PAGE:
Did I see every horror/sci-fi/weird-ass movie released during the ‘80s? At the time I felt like I did. But I must have been too busy watching Re-Animator on a continuous loop to catch them all, especially when they came from such peculiar, far-off, probably imaginary lands like Canada and the U.K.
For most of my childhood, “Canadian movie” simply meant one directed by David Cronenberg, so it’s no wonder something as cheap and weird as The Pit (’81) passed me by. I’d have liked it more as a ten year old, but even as an adult, its creative oddness impresses, if not a whole lot else. I mean it does feature a telepathically communicative teddy bear, so one certainly can’t dismiss it altogether.
Sad to say, the teddy bear plays a less disturbing role than it might have, only bothering to talk or rotate its head infrequently. The troglodytes living in the pit likewise make fewer appearances than one hopes for, but by the end they go on a satisfying rampage. They’re small and hairy with rabid woodchuck faces and glowing red eyes. They’re almost adorable. You want to be their friends.
And so. The pit. Jamie, a horny twelve year old boy, discovers it in the woods behind his house, and enjoys hanging out on its rim observing the shuffling monsters living within. He can’t pronounce troglodytes and calls them tra-la-logs. Kids are so cute.
Horny kid that he is, he falls hard for his babysitter, college babe Sandy, who is alternately charmed/weirded out by Jamie’s blatant lusting. He gets around to telling her about the pit, but she doesn’t believe him.
It’s probably around here that teddy the bear starts telling Jamie to do creepy stuff like steal Jamie’s money, buy meat, and feed it to the trogs. Better yet, he tells Jamie to feed them the various townsfolk who’ve oppressed him, like the mean librarian with large breasts and the nasty little girl who won’t let him ride her awesome bicycle. Also? A mean old lady in a wheelchair he tips into the gaping hole.
Eventually Sandy figures she’d better get a look at these alleged monsters. And oh my, does she ever get a good look! Mwa ha ha!
But hey, no spoilers. Aside from this one: there’s no happy ending. Unless by “happy” you mean one of those everyone-gets-eaten cheapo horror flick endings with a surprise ‘ha ha!‘ to cap it off. You know what I’m talking about.
I’m not going to tell you The Pit is a good movie, but it is a weird movie, which is mostly the same thing if you ask me. So the next time you find yourself about to watch Troll 2 yet again, why not check out The Pit instead?
Paperhouse (’88) comes with a somewhat better pedigree. For a low-budget creepy kids’ flick, it was released in a somewhat normal fashion, and irritable film critics like Roger Ebert reviewed it (positively; Siskel went thumbs down). Bernard Rose directed it, his first feature. He’d go on to greater cultish fame in ’92 with Candyman, and in ’94 with Immortal Beloved, in which Gary Oldman eats the scenery as Beethoven.
This one is centered on an eleven year old girl, Anna, who draws a frankly pretty crappy drawing of a house and then, when she passes out at school one day, finds herself in a weird, empty dreamworld field. Empty save a dreamworld version of her house! Whoa! It’s just like Dreamscape but without the killer lizard man or evil scientists or Eddie Albert dreaming of nuclear devastation.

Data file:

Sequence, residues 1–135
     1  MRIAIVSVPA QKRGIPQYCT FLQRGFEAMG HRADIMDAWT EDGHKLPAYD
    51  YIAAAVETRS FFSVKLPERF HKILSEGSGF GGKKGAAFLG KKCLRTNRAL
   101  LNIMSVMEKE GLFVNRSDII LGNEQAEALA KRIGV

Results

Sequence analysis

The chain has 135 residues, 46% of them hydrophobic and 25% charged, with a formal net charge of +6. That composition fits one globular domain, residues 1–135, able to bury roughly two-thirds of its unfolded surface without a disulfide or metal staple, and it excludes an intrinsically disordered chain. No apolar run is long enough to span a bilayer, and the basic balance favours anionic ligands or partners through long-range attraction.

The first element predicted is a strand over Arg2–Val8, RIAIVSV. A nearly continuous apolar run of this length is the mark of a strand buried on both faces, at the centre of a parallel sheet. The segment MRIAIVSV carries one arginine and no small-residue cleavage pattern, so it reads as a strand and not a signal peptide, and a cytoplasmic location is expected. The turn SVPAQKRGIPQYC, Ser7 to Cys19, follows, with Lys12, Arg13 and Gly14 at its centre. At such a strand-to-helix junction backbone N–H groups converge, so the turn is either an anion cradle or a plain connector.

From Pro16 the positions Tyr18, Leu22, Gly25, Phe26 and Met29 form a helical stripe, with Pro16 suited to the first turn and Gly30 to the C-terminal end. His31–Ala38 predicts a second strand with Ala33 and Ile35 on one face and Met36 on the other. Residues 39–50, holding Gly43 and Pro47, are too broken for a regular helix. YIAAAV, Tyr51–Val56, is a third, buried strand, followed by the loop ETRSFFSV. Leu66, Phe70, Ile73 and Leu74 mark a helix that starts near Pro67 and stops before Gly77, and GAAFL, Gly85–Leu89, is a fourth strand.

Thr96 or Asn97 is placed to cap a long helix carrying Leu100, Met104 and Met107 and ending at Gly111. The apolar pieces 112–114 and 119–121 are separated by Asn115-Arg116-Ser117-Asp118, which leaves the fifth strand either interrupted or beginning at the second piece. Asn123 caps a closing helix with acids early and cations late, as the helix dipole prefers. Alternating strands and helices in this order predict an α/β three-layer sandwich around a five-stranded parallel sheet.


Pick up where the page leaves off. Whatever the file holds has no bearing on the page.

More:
So, okay, a little different.
Anna is terribly sick, it turns out, and the mean nurse lady tells her to stay in bed, so she does, and keeps finding herself back in her dreamworld house. At first it lacks things like stairs, so she has to draw them while awake. Same with a boy she draws in the window, Mark, who in fact may be her dream interpretation of a sick boy her nurse tells her about. I mean, yes, of course it is. I’m just trying to keep things exciting here.
Also, her dad is, I don’t know, gone, or something? Dead? No, a drunk, that’s it, and on the outs with mom. Anna draws him into her house, only then she gets mad at something or other and scratches out his eyes and crumples up the drawing. When next she visits, the house is trashed, Mark is annoyed, and dad, freakishly eyeless and demonic and wielding a hammer, comes I guess to kill them both. Can’t tell you why, but there we are.
It’s kind of disturbing.
But then again, is it? Maybe it’s just so odd you feel mystified. Anna and Mark deal with dad in what feels like the climax, and then the movie keeps going for another fifteen minutes, and if anything is mystifying about Paperhouse it’s that.
I’d heard good things about this one. I was a bit disappointed. It’s not your normal kid-escapes-dreary-reality-into-dreamwold movie, but not necessarily in a good way. More in a is-that-really-what-they-were-going-for? way. Time Bandits it ain’t.
Still, Paperhouse tries. It wants to capture something real about childhood fears and fantasies. It’s just that it lacks troglodytes and a talking teddy bear.
I’ve been meaning to watch Paperhouse for years as it’s written by friend-of-Mind-Control Matthew Jacobs. It’s recently available on streaming, but I haven’t had much time for oddball 80s-style horror lately — I’ve been getting enough via the news.
But I’ll watch it soon unless the troglodytes get me first, which is seeming increasingly likely.
Ah, I didn’t make that connection. See what happens when I ignore the screenwriter? I should know better.
And yes, it would appear America has thrown a rope into the troglodyte pit. Now they’re loose. Sigh.